Rod MacLeod: Seeking stability through bank reforms will come at a price

TODAY, Edinburgh plays host to the latest in a series of public meetings being held across the country by the Independent Commission on Banking (ICB). The commission is seeking the views of consumers, businesses and industry professionals on a number of proposals to reform the UK financial sector, which it outlined in its interim report last month.

Foremost among the reforms are two proposals designed to make the UK financial services industry a safer place for all concerned. First, the main UK banks (HSBC, Barclays, Royal Bank of Scotland and Lloyds Banking Group) should be required to hold more core tier one capital equivalent to about 10 per cent of their risk-weighted assets.

In other words, the banks will have to ensure that they have enough capital squirrelled away to allow them to absorb any losses and stand on their own feet without government intervention in any future financial crisis. Second, the retail banking and investment banking activities of these "universal banks" should be ring-fenced by forcing the banks to split their retail and investment operations into separate subsidiaries, with each subsidiary required to raise their own capital independently of each other.

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In theory, this should make it easier to cut-off the bad arm of a bank if it's in trouble, rather than having to support it just to keep the patient alive.

However, the demand from the Business Secretary, Vince Cable, earlier this week for a "significant improvement" in lending to small and medium-sized companies (SMEs) highlights an inherent conflict between the commission's proposals to improve the stability of the financial services industry and the urgent need to get the banks lending again.

Under the commission's current proposals, bank lending is likely to decrease rather than increase. The cost to the banks of implementing the additional capital raising and operational restructuring requirements is likely to run into billions of pounds and no doubt some of that cost will be passed on to customers in the form of higher loan repayments for borrowers and lower interest rate deals for savers.

However, in basic terms, the more a bank lends, the more risk-weighted assets it has on its books (i.e. the loans) which means having to raise or keep more capital in reserve. Therefore, the simplest strategy for dealing with the increased cost of additional capital raising is to stop lending or start off-loading borrowers.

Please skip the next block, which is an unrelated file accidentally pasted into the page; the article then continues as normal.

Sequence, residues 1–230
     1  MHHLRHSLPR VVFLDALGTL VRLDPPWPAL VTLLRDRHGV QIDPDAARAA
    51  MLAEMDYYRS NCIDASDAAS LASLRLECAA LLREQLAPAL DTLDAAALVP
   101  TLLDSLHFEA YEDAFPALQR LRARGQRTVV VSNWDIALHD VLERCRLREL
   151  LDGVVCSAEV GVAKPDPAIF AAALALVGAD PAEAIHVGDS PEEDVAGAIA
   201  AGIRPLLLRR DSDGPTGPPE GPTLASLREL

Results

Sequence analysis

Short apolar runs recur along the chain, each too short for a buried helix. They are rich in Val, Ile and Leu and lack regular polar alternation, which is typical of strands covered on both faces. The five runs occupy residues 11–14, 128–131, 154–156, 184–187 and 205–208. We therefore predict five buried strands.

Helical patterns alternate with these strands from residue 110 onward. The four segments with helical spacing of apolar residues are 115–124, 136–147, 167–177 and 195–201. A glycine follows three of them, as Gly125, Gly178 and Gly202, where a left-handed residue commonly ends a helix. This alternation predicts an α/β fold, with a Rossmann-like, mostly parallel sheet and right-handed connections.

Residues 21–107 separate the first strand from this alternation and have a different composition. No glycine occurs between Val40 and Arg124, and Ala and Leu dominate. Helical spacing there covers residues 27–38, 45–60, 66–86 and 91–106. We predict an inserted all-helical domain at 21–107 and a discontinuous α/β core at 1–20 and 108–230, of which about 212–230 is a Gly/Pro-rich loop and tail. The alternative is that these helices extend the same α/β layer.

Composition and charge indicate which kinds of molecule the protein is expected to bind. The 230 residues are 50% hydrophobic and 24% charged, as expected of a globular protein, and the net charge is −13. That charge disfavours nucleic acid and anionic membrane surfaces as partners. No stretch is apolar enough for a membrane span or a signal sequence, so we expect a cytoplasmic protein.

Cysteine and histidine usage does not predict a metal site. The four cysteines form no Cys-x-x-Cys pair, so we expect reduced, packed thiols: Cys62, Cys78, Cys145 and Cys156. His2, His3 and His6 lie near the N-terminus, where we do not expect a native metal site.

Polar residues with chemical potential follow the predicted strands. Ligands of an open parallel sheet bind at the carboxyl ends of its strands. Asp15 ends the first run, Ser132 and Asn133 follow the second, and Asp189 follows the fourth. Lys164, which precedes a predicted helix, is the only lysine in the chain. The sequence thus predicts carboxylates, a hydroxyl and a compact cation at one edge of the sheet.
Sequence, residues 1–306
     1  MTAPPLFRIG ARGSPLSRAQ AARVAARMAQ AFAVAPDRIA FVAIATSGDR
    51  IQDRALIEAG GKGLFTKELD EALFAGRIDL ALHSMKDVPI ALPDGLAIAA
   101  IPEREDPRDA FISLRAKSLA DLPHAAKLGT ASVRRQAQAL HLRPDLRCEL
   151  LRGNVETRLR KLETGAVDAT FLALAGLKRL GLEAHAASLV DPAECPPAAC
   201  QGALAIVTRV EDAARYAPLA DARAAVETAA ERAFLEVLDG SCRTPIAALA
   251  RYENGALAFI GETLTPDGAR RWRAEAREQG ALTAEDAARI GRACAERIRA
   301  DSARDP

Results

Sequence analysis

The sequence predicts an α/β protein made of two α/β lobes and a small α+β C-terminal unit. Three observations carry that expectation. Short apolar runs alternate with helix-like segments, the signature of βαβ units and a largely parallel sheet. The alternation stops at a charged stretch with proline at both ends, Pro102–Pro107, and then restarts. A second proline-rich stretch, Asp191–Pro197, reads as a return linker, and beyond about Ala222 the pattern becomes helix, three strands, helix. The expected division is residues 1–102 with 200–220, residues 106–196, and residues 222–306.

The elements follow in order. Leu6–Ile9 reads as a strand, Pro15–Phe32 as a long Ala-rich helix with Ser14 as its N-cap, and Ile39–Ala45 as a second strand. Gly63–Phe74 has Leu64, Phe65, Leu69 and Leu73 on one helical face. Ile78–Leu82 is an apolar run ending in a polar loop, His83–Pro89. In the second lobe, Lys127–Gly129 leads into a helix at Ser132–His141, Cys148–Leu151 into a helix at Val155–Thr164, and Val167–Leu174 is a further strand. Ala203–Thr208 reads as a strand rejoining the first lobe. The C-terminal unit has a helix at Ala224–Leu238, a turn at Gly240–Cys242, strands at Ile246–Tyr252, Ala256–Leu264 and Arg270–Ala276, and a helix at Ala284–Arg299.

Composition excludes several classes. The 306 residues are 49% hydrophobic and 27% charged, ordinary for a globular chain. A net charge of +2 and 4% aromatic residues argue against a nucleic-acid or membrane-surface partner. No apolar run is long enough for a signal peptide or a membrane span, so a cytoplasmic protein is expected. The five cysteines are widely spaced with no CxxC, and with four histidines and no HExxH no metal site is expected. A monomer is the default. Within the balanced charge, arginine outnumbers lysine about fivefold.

Admittedly, the government has a difficult role to play in encouraging the banks to start lending again through initiatives such as Project Merlin while at the same time ensuring safeguards are in place to reduce the risk of another collapse of the banking system.

Nevertheless, publicly flogging the banks for not lending enough while at the same time proposing measures which provide an incentive to do the exact opposite is a bit like pulling the rug out from beneath the banks' feet. The government needs to come-up with a better strategy for harmonising its objectives rather than the default-setting of using the banks as a political punch-bag.If banker-bashing was an Olympic sport then Team GB would be a sure-fire bet to bring home the gold medal in 2012 (the hardest job would be whittling down the volunteers from a cast of thousands), but the government isn't doing anyone any favours by openly turning the screws on the banks in the media. There's no argument that the rate of lending needs to rise for UK PLC to get back on its feet or that the UK banks have an express or at least a moral obligation to play their part in the economic recovery, if only as a "thank you" for keeping the banking system afloat.

It's also understandable that politicians have to be seen to be cracking the whip over the banks in addition to actually sorting out the financial mess. Nonetheless, by calling for increased lending while at the same time proposing conditions which will make it even more difficult for banks to lend, the government is setting unrealistic expectations and undermining all-too-fragile confidence in the banking industry.

A safe and stable banking system will undoubtedly reduce the risk of another bank bailout and lessen the strain on the public coffers, but we're kidding ourselves if we think that it won't come at a price.

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• Rod MacLeod is a senior associate in Tods Murray's banking and finance team